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D.C. Personal-Trainer Licensure on Hold—For Now by Andréa Maria Cecil - CrossFit Journal

In Affiliation, Legal

February 17, 2015

PDF Article

D.C. CrossFit affiliates weigh in as District’s Council re-examines legislation.

The District of Columbia has paused enforcement of its law requiring licensure of so-called “personal fitness trainers” while it hammers out the details of what, exactly, it’s requiring.

The law—most often called the Omnibus Health Regulation Amendment Act—makes D.C. the country’s first municipality to require licensure of personal trainers.

First introduced Feb. 28, 2013, the legislation went into effect March 26, 2014. D.C.’s Department of Health oversees its enforcement. But, as Rayna Smith understands it, the agency is “very, very much behind in getting those regulations out.” Smith is committee director for the Council of the District of Columbia’s Committee on Health and Human Services, the committee that will spearhead any changes to the measure.

When it came to the licensure and regulation of athletic trainers and personal fitness trainers, there were “a few issues with some individual entities that wanted changes,” Smith said.

Smith said everything is up for debate, from the process of registering with the mayor’s office and the amount of the required fee to whether the two professions will remain under the purview of the Department of Health’s Physical Therapy Board.

“Nothing is necessarily off limits.”

Thus, the council will “double back,” she said, so “everyone gets a fair say in the process, especially if it’s going to regulate their occupation.”

CrossFit DC owner Tom Brose, who has been managing gyms for nearly a decade, had his own analysis: “So basically they made a law that they don’t understand.”

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2 Comments on “D.C. Personal-Trainer Licensure on Hold—For Now ”


wrote …

Like the video explaining what Crossfit HQ is doing to question, correct, & reveal the improper manipulation of data, & the misinformation being published by the ACSM & the NSCA, there needs to be a coordinated effort to stop actions like those proposed for the city of Washington, D.C.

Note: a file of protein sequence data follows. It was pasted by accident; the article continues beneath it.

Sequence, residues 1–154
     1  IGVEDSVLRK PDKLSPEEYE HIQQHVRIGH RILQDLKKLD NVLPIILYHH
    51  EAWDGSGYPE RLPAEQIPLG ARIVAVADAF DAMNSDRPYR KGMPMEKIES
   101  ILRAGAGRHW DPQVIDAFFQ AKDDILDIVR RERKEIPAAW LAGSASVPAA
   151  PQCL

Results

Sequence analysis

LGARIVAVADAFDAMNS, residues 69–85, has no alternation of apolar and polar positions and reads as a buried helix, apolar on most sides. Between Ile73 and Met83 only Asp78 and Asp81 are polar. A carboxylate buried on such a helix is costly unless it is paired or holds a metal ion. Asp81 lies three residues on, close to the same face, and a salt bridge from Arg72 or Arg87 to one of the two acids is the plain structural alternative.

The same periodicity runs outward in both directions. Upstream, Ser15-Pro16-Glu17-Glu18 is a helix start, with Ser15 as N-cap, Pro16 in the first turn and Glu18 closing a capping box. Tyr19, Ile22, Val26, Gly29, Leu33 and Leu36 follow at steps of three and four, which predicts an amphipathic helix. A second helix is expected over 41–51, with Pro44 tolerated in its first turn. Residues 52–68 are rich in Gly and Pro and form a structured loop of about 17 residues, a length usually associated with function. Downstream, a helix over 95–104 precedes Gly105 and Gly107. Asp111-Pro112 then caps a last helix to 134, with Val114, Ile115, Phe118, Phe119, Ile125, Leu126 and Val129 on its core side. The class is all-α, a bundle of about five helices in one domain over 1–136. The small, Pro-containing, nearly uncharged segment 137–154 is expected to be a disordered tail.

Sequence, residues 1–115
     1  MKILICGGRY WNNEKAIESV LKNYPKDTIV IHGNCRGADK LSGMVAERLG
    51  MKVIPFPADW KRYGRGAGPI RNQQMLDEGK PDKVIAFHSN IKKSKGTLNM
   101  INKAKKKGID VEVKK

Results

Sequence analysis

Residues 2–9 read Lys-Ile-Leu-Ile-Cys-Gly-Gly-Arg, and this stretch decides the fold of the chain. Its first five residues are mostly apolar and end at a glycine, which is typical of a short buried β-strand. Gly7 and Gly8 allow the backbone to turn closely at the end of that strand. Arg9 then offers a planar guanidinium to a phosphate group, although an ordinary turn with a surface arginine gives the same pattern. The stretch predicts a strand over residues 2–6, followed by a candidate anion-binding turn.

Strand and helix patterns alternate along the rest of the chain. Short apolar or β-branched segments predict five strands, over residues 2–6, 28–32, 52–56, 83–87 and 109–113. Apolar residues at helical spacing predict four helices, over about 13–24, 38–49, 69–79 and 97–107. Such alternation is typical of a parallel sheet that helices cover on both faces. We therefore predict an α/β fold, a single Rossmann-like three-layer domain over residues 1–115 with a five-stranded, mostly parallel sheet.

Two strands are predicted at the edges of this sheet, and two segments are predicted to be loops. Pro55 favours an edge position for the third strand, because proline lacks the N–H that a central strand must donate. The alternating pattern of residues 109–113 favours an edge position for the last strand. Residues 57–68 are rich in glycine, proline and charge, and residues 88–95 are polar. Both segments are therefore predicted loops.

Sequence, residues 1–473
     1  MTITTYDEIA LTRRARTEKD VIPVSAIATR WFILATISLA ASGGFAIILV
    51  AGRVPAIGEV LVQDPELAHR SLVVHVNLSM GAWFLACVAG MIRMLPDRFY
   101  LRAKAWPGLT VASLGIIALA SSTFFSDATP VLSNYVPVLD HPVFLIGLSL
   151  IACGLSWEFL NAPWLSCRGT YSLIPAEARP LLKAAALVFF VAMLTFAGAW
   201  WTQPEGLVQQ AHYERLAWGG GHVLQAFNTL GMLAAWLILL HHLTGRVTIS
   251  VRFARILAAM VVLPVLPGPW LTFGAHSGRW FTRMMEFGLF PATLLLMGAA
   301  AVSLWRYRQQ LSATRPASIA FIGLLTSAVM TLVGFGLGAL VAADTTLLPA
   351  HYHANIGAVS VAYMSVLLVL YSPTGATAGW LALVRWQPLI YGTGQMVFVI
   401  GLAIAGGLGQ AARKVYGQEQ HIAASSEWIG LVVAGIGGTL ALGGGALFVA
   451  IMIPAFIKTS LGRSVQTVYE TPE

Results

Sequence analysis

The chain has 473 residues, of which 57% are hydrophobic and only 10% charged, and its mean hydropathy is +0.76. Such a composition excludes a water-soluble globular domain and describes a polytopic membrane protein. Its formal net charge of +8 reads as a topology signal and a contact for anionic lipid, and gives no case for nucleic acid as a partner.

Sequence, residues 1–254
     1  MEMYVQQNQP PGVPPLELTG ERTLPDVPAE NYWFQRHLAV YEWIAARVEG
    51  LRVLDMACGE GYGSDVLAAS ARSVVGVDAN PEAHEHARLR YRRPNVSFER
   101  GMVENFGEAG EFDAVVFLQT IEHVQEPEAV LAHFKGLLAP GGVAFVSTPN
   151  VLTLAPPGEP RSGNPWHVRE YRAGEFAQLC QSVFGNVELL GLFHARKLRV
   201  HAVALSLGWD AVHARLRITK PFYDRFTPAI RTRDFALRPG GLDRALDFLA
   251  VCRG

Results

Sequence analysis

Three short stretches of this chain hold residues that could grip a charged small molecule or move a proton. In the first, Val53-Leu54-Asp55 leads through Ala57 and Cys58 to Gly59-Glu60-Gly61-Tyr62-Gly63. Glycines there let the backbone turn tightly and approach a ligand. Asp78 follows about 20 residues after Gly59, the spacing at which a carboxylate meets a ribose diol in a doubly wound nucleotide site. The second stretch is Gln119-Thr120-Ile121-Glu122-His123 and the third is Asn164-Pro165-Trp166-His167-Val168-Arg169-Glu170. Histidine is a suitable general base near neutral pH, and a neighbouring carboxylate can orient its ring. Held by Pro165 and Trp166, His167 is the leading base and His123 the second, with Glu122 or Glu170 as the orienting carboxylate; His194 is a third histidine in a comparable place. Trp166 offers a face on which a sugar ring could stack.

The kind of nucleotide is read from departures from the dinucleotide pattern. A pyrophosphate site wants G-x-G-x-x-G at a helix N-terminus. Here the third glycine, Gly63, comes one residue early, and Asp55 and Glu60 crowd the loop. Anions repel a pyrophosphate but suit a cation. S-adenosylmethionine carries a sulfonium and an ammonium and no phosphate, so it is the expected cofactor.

The comments I posted for the video apply here as well: Does anyone wonder why there are so many people who do not trust science? This situation sounds just like that pushed for decades by the American Heart Association, the USDA, and other organizations informing us about proper nutrition. If you haven't read "Why We Get Fat" by Gary Taubes or "The Big Fat Surprise" by Nina Teicholz you will find an expose' of the fraudulent manipulation of research data about our diets for over 40 years.

Has anyone at Crossfit thought of trying to discuss this issue with the Chronicle of Higher Education? An article there explaining what is happening might open the eyes of many academics.

It would also help if Crossfit would let affiliates, and all who believe in the program, know which states are proposing licensing legislation & the bill names & numbers. Many organizations provide their members with talking points, names & addresses of legislators, and guidelines for speaking with their elected officials. Public comment by Crossfitters to these legislators can go a long way in educating them & changing their understanding of the issue. Because, unfortunately, elected officials are often the least knowledgeable folks about the issues on which they support legislation.


wrote …

This is interesting legislation. As a CrossFIT trainer, I worry that new regulations will have a huge impact on us especially if a 4-yr degree is required. I would hope if something like that gets implemented that they do so working in tandem with Health Insurance agencies and perhaps have insurance coverage for people who begin training.

After becoming a CF coach, I became inspired and ended up doing my degree at a local university. I was never trained by CF to be a personal trainer or taught any anatomy, so I thought it would be necessary to do that. I may be in the minority in our community, but I think there is some good that might come from this.

I know most of my classmates during the L1 Course were like me and have know schooling in fitness other than just learning the exercises and practicing WODs. I think we would get more respect from others in our industry if we had a part of our training for CF to include more education. I know a lot of great CF instructors that I've worked with, and they teach CF well, but I've seen them field questions from clients that they had no right to attempt to answer or give an opinion on. So I guess I'm 50/50 on this.

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